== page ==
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United States Court of Appeals

Tenth Circuit

July 29, 2010

Elisabeth A. Shumaker
Clerk of Court



No. 10-9510

ERIC H. HOLDER, JR., United States

Attorney General,


Before HARTZ, ANDERSON, and TYMKOVICH, Circuit Judges.

Alejandro Torres-Pacheco 1 petitions for review of a Board of Immigration

Appeals (BIA) order dismissing his appeal of the denial by an immigration judge
(IJ) of his application for cancellation of removal. Exercising jurisdiction under
8 U.S.C. 1252 to review his legal claims, we deny them. We dismiss for lack of
jurisdiction his other claims with respect to the BIAs denial of cancellation.

After examining the briefs and appellate record, this panel has determined
unanimously to honor the parties request for a decision on the briefs without oral
argument. See Fed. R. App. P. 34(f); 10th Cir. R. 34.1(G). The case is therefore
ordered submitted without oral argument. This order and judgment is not binding
precedent except under the doctrines of law of the case, res judicata, and
collateral estoppel. It may be cited, however, for its persuasive value consistent
with Fed. R. App. P. 32.1 and 10th Cir. R. 32.1.

Because the parties refer to him as Mr. Torres, we do the same.


Mr. Torres, a Mexican citizen, illegally entered the United States in 1992 or

1993. He and his wife have two children, both of whom were born in the United
On July 24, 2007, the Department of Homeland Security (DHS) commenced
removal proceedings against Mr. Torres. He conceded removability, but
requested cancellation of removal under 8 U.S.C. 1229b(1). An alien is eligible
for cancellation if he:
(A) has been physically present in the United States for a continuous
period of not less than 10 years immediately preceding the date of
such application;
(B) has been a person of good moral character during such period;
(C) has not been convicted of [certain cross-referenced offenses,] and
(D) establishes that removal would result in exceptional and
extremely unusual hardship to the aliens spouse, parent, or child,
who is a citizen of the United States or an alien lawfully admitted for
permanent residence.
8 U.S.C. 1229b(1). The decisive issue before the IJ was whether Mr. Torres
had satisfied requirement (D). He contended that his removal would result in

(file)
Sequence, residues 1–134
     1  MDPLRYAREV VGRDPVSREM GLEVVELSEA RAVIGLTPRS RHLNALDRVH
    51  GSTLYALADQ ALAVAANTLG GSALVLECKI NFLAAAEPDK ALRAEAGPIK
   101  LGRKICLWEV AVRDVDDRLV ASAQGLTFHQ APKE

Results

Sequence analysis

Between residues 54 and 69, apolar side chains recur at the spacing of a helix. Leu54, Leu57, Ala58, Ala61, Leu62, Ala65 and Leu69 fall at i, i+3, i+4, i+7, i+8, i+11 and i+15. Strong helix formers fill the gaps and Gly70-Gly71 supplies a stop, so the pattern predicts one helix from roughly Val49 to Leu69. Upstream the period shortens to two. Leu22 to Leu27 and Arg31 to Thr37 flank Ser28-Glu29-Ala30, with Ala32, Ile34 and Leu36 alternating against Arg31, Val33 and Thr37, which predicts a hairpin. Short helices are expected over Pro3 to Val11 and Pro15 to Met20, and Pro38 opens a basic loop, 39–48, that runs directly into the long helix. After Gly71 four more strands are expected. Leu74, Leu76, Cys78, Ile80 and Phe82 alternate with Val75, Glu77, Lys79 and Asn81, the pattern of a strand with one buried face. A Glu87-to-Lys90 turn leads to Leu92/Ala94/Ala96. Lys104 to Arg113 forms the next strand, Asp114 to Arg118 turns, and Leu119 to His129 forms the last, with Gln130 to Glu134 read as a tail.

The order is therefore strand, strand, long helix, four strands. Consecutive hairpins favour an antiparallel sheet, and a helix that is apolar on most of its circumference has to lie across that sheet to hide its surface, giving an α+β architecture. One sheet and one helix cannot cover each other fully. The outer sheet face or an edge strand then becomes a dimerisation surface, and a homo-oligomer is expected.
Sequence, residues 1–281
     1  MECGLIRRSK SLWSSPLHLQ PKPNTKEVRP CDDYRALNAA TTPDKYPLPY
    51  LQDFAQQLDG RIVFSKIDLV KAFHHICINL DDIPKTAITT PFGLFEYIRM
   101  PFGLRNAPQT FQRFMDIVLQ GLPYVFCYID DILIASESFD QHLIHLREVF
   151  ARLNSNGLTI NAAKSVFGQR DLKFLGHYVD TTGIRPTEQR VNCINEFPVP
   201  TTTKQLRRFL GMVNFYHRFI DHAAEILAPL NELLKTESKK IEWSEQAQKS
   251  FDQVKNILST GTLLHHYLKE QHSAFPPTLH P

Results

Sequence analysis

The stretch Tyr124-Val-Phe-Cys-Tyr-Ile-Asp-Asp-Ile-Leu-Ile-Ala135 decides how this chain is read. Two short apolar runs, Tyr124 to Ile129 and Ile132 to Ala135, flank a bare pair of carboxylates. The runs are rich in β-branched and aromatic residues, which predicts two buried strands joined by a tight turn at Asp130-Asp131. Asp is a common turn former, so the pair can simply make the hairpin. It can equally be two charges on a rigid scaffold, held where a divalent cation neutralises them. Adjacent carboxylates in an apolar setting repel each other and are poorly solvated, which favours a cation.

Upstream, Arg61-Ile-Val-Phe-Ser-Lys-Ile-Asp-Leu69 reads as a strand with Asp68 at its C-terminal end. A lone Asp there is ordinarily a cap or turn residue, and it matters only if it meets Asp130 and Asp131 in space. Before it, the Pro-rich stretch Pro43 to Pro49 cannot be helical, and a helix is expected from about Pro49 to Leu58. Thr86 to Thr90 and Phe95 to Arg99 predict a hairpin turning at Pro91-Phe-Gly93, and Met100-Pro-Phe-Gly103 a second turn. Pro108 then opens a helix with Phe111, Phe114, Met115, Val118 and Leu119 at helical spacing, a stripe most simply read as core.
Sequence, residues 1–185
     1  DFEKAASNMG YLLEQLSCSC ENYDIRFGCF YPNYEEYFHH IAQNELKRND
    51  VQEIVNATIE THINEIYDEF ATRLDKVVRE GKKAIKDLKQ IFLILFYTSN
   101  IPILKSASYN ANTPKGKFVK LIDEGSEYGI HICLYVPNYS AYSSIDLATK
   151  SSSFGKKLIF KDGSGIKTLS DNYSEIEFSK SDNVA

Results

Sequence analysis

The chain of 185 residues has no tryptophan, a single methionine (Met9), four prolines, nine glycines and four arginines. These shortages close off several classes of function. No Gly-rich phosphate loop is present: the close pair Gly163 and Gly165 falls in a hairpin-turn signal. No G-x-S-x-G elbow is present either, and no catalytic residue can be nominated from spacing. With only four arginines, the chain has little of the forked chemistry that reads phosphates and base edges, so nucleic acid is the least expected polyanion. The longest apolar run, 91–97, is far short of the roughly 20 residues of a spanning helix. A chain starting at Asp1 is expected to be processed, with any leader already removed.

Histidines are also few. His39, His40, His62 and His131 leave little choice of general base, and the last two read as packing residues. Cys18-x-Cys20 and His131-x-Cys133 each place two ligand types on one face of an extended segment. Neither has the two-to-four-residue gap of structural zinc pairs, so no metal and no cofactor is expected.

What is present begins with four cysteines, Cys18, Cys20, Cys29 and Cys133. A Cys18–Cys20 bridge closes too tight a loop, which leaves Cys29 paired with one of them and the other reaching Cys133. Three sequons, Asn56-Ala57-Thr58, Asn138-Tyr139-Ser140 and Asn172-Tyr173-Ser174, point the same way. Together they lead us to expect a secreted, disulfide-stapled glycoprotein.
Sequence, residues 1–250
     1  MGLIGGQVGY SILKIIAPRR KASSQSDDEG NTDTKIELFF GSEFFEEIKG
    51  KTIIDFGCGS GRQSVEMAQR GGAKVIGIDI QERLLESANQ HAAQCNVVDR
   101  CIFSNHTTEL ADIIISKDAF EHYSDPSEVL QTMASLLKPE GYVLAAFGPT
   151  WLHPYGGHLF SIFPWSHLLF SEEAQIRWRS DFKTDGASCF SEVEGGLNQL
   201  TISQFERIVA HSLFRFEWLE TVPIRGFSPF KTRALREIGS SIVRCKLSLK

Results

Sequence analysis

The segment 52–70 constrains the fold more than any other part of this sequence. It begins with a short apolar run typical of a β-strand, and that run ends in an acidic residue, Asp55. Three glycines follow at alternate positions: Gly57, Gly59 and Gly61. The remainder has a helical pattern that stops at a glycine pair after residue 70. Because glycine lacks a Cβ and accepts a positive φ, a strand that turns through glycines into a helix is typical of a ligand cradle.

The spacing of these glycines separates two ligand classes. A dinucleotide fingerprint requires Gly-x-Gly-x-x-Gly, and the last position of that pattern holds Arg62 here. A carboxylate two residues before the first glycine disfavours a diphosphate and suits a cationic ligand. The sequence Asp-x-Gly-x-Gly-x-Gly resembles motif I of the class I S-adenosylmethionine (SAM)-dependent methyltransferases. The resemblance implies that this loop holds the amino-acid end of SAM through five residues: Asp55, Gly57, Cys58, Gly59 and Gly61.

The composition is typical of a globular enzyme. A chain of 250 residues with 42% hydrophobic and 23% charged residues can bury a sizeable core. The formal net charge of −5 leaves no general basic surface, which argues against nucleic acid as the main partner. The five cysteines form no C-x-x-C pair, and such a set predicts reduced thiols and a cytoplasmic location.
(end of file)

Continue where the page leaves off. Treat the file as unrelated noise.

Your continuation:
exceptional and extremely unusual hardship to his child Alexa, who was born in
At the removal hearing Mr. Torres testified that Alexa suffered from a
number of ailments. First, she was born with a misshapen head. Her treatment
was to wear a helmet that gradually molded her head into the proper shape. The
treatment was nearing its completion by the date of the hearing. In addition, she

suffered bouts of conjunctivitis and bronchiolitis in 2008, although both were

successfully treated. Also in 2008, she suffered a seizure, which was diagnosed
as caused by fever from a urinary-tract infection. Finally, she was diagnosed with
iron-deficiency anemia, treated with iron and Vitamin C supplements.
Mr. Torres testified that he would bring his family with him to Mexico if he
were deported. He feared, however, that his daughter would not receive adequate
medical care in Mexico because he would not be able to afford the care there.
The IJ ruled that Mr. Torres had failed to establish that his removal would
result in exceptional and extremely unusual hardship to Alexa. He said that some
economic hardship was expected in most removal cases, and Mr. Torress
situation was not exceptional or unusual. Addressing Alexas specific medical
issues, the IJ found that her conjunctivitis, bronchiolitis, and urinary-tract
infection appeared to be singular events, and that there was no evidence that the
seizure she suffered was part of a recurring problem. Further, the IJ observed that
her helmet was about to be removed after having successfully reformed her
misshapen head. The IJ determined that nothing in the record demonstrated that
she would be unable to obtain adequate medical care in Mexico.